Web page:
April 13, 2020 – TheBody.
by Tim Murphy
Obviously, our current COVID-19 crisis brings up a lot of anxiety, even PTSD, for folks living with HIV/AIDS, especially longtime survivors. All the talk of who's spreading it and how, the daily nationwide sickness and death toll, the dread that oneself or loved ones will suddenly take a turn for the worse, and the frequent examples of government incompetence and apathy amid a crisis—let's face it, it's all a little too reminiscent of a certain epidemic many of us remember too well from the 1980s and 1990s.
But the flip side of all that devastation and grief is resilience and grace, and that's what so many folks living with HIV/AIDS—nationwide and globally—are exhibiting as we hunker down through this pandemic of indefinite length and scope. TheBody spent the past few days talking to 10 people living with HIV nationwide to find out how they're affected and why they're scared—but also how they're coping, adapting, and staying connected in these challenging (and isolating) times. Send your own COVID-19 stories to firstname.lastname@example.org. We want to stay on top of how the community is faring.
TheBody checked in with D.C. transgender activist Aryah Lester, who's been relying on pork belly, her fave teen horror flicks, and lots of virtual friend-bonding to get her through the COVID-19 crisis.
Aryah Lester, deputy director of the Transgender Strategy Center, 40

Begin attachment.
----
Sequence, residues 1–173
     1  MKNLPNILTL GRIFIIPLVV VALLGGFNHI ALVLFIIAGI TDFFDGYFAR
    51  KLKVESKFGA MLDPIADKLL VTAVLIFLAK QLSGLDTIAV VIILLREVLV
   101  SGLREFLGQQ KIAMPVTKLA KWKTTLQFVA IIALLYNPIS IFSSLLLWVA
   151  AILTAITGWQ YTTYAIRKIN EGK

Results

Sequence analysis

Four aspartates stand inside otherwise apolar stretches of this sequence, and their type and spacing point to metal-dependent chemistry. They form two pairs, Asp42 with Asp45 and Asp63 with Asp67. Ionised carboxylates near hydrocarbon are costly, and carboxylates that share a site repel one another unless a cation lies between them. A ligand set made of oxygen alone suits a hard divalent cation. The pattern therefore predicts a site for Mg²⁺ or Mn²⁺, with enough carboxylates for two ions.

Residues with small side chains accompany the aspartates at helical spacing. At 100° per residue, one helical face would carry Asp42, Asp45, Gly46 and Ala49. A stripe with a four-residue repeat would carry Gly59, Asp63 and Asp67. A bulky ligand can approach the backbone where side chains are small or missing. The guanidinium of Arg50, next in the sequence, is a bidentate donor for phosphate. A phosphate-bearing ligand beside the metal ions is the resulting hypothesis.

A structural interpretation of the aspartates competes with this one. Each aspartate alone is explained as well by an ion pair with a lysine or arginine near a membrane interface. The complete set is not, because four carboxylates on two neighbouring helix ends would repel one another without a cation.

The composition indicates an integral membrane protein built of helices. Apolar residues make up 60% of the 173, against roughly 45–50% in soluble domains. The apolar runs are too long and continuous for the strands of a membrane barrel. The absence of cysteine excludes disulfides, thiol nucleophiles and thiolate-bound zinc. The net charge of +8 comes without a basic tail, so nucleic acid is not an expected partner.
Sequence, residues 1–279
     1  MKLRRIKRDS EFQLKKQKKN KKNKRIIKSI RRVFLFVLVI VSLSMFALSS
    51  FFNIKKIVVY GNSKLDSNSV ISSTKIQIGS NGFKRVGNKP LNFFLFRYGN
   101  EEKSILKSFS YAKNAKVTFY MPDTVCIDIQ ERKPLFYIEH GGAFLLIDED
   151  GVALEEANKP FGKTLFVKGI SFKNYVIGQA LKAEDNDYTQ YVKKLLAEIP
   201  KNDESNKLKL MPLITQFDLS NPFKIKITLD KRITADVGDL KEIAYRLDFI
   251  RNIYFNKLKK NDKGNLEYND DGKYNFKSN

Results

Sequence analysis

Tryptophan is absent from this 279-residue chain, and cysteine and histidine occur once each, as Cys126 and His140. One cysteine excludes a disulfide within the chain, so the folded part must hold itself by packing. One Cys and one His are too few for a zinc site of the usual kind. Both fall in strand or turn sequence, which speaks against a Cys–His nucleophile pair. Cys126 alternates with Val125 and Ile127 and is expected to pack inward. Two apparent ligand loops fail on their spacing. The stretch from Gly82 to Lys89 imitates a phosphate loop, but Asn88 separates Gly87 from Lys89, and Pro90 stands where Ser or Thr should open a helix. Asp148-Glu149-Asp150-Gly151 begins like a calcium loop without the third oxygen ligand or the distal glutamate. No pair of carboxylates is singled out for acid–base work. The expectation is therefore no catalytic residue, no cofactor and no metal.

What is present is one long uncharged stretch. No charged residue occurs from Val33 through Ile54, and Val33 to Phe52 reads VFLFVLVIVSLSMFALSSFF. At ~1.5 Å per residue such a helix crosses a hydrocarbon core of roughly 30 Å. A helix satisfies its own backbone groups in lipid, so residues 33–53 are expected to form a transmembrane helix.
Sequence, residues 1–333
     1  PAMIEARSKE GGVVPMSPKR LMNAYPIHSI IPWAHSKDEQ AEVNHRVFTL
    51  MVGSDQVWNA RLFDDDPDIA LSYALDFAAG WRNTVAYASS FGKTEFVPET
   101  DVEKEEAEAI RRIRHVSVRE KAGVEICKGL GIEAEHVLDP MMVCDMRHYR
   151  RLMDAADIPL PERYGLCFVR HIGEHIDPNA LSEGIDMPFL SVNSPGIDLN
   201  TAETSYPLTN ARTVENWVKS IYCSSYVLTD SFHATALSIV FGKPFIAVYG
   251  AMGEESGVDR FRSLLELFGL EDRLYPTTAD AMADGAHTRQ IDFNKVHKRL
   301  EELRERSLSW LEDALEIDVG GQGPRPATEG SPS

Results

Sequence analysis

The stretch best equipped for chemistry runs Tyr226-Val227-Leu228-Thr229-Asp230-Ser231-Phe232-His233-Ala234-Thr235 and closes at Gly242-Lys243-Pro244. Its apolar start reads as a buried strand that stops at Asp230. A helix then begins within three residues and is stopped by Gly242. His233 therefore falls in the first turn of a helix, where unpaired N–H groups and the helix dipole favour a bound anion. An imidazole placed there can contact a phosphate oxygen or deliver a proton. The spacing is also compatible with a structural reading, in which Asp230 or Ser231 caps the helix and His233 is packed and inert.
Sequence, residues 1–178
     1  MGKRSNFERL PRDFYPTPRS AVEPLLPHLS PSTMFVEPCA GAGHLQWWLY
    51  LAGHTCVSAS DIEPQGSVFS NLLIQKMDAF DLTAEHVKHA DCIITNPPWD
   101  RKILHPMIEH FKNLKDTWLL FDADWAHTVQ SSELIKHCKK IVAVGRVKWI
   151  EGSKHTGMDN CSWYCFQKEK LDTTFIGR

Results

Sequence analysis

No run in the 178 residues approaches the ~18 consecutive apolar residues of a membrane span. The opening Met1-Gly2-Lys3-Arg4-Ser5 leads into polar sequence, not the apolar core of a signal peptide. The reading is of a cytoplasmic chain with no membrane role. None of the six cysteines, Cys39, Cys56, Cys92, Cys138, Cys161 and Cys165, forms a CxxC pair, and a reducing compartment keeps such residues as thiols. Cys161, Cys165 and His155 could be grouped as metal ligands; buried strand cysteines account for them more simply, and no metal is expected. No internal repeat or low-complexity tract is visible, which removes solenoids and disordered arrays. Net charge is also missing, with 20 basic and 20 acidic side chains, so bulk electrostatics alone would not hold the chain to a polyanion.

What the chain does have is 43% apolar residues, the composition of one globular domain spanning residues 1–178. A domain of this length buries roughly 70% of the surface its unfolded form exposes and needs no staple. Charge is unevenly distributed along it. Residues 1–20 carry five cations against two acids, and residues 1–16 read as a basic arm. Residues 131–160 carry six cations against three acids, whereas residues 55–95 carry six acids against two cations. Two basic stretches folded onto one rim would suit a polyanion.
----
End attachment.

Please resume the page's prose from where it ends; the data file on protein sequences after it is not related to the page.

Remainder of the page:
Diagnosed with HIV in 2012
Tim Murphy: How have you been affected by the coronavirus crisis?
Aryah Lester: Financially, I'm fine. We've actually had more of an influx of work because a lot of trans-led organizations, especially Black- and Brown-led ones, are needing more assistance when it comes to organization-building and expanding their capacity, especially as a lot of things are going virtual and their clients are testing positive with COVID-19, and it's affecting direct services. A lot of people are hitting me up personally.
I've been directing people to just following the CDC guidelines, which are ever-evolving. And with the Fund for Resilience and Equity that AIDS United manages, we are crafting a webinar on interpersonal and community healing during this time. Because when you look at transgender populations and how we were affected by both HIV and a lack of access to adequate gender-affirming health care services even before all of this, there's now heightened fear and anxiety in the trans and gender-nonconforming [TGNC] community, in terms of getting regular access to hormones or engaging or continuing in HIV care.
TM: How are you getting social interaction and staying connected?
AL: I have a good support system of staff and other trans leaders around the country. We've been checking in on one another. Most of us have Zoom accounts, so we do our one-on-ones or maybe just three of us, or maybe bigger, where we can see and hear each other. We'll be watching a move together via Zoom or Facebook Live. The last movie I watched was Tremors, a childhood favorite about underground monsters who kill people in a small town in Nevada. Continue reading on TheBody...